The enteric nervous system (ENS) is composed of neural crest-derived neurons (also known as ganglion cells) the cell bodies of which are located in the submucosal and myenteric plexuses of the intestinal wall. Intramucosal ganglion cells are known to exist but are rare and often considered ectopic. Also derived from the neural crest are enteric glial cells that populate the ganglia and the associated nerves, as well as the lamina propria of the intestinal mucosa. In Hirschsprung disease (HSCR), ganglion cells are absent from the distal gut because of a failure of neural crest-derived progenitor cells to complete their rostrocaudal migration during embryogenesis. The fate of intramucosal glial cells in human HSCR is essentially unknown. We demonstrate a network of intramucosal cells that exhibit dendritic morphology typical of neurons and glial cells. These dendritic cells are present throughout the human gut and express Tuj1, S100, glial fibrillary acidic protein, CD56, synaptophysin, and calretinin, consistent with mixed or overlapping neuroglial differentiation. The cells are present in aganglionic colon from patients with HSCR, but with an altered immunophenotype. Coexpression of Tuj1 and HNK1 in this cell population supports a neural crest origin. These findings extend and challenge the current understanding of ENS microanatomy and suggest the existence of an intramucosal population of neural crest-derived cells, present in HSCR, with overlapping immunophenotype of neurons and glia. Intramucosal neuroglial cells have not been previously recognized, and their presence in HSCR poses new questions about ENS development and the pathobiology of HSCR that merit further investigation.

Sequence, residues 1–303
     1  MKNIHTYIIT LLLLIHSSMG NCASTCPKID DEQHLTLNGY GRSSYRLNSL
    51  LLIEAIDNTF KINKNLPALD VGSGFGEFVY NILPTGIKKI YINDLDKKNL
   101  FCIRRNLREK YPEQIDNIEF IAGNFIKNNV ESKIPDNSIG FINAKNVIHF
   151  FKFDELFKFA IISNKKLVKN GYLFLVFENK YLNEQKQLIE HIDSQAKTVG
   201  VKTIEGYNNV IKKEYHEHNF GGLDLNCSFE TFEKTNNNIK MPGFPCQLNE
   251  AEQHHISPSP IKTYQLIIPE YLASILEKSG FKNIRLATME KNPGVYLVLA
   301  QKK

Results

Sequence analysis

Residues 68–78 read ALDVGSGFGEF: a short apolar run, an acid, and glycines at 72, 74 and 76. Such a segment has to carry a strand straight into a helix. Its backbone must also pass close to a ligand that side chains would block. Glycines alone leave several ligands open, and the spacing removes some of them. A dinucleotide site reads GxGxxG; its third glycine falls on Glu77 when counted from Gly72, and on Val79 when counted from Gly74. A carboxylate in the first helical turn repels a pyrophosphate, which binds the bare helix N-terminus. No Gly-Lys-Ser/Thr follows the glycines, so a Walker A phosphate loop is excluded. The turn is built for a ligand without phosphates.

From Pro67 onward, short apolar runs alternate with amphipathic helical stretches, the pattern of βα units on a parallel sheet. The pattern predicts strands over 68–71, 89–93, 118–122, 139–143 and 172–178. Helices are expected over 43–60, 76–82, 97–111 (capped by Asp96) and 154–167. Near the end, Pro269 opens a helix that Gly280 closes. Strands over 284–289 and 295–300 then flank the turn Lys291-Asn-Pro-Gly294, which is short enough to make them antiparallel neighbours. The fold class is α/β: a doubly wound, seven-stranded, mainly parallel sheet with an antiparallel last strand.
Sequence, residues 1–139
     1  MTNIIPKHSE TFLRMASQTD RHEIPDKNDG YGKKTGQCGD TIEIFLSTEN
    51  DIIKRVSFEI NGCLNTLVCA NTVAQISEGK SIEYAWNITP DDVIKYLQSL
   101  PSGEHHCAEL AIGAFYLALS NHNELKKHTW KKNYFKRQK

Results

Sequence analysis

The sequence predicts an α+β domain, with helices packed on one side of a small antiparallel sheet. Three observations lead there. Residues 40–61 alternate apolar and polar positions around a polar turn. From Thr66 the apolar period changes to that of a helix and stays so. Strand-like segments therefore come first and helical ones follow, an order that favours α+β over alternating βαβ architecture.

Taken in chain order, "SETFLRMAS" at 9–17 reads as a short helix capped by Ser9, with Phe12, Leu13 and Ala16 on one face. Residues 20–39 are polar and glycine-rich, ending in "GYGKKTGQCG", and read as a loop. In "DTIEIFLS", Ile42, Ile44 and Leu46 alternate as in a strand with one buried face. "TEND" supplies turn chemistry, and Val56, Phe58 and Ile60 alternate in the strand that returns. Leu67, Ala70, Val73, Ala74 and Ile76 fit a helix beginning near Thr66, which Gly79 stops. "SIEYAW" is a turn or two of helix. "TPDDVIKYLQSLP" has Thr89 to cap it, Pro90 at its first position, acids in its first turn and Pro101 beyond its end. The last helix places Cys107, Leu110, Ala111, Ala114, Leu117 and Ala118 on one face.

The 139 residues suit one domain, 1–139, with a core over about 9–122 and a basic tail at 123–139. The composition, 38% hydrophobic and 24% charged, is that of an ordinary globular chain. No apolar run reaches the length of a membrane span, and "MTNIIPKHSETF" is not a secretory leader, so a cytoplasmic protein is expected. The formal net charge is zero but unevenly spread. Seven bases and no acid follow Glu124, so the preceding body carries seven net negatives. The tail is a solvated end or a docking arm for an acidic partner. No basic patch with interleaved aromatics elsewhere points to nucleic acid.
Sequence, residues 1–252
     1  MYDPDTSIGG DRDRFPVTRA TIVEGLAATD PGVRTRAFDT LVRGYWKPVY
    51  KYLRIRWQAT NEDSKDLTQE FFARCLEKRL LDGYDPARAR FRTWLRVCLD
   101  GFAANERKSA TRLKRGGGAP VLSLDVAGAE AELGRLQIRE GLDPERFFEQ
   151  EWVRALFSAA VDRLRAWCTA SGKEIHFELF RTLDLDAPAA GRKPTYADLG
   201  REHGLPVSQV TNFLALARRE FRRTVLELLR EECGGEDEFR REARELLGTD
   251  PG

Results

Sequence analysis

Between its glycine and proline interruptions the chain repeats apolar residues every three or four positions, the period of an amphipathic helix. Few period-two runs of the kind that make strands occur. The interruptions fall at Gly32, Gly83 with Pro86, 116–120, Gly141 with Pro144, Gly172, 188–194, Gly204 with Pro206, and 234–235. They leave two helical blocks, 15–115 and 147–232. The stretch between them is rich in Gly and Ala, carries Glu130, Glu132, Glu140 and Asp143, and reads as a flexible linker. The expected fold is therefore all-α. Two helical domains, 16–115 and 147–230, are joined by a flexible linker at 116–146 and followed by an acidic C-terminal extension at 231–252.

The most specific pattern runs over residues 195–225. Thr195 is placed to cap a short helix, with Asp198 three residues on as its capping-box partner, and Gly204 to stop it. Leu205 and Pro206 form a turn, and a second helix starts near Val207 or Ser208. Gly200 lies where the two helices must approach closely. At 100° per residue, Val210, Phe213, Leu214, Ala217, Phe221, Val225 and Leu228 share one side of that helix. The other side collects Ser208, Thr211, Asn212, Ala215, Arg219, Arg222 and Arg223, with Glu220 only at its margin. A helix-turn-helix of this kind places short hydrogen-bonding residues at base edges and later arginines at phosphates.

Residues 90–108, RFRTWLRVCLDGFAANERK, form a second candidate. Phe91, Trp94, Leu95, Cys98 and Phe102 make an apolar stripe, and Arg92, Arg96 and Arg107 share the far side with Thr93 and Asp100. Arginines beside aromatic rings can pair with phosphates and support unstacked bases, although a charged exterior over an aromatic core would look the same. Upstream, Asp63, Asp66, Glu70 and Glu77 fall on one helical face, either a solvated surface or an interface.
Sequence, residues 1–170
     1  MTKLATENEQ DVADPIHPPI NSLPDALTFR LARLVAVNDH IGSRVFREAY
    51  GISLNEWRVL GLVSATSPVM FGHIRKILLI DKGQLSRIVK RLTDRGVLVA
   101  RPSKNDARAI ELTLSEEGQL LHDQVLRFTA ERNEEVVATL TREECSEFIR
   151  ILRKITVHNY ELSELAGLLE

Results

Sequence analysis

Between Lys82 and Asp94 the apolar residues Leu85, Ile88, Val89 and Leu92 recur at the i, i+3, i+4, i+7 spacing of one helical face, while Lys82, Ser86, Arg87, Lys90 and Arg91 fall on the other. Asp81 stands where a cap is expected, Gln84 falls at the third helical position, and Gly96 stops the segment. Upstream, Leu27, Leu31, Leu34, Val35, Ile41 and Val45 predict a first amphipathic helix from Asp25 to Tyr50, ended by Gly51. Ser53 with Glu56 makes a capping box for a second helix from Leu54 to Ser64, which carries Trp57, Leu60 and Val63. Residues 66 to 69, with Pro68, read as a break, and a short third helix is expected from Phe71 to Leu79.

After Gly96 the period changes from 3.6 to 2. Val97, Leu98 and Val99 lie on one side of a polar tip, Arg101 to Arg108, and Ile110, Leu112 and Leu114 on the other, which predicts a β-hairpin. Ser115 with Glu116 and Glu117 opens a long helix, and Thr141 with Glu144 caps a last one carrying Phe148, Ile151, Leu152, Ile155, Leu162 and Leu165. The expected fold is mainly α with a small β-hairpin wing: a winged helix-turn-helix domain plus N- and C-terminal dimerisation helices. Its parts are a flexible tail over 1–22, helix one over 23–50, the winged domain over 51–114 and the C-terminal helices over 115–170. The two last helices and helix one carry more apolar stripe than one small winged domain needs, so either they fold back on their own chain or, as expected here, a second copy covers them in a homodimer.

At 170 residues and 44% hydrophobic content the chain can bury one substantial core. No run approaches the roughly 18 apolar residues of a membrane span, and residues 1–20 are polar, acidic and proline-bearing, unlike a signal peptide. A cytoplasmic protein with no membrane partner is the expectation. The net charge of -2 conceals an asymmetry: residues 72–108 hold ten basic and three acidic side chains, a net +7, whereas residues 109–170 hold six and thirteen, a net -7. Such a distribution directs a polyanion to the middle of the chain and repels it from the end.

|Journal||American Journal of Physiology - Gastrointestinal and Liver Physiology|
|Publication status||Published - Nov 15 2014|
- Enteric glial cells
- Enteric nervous system
- Hirschsprung disease
ASJC Scopus subject areas
- Physiology (medical)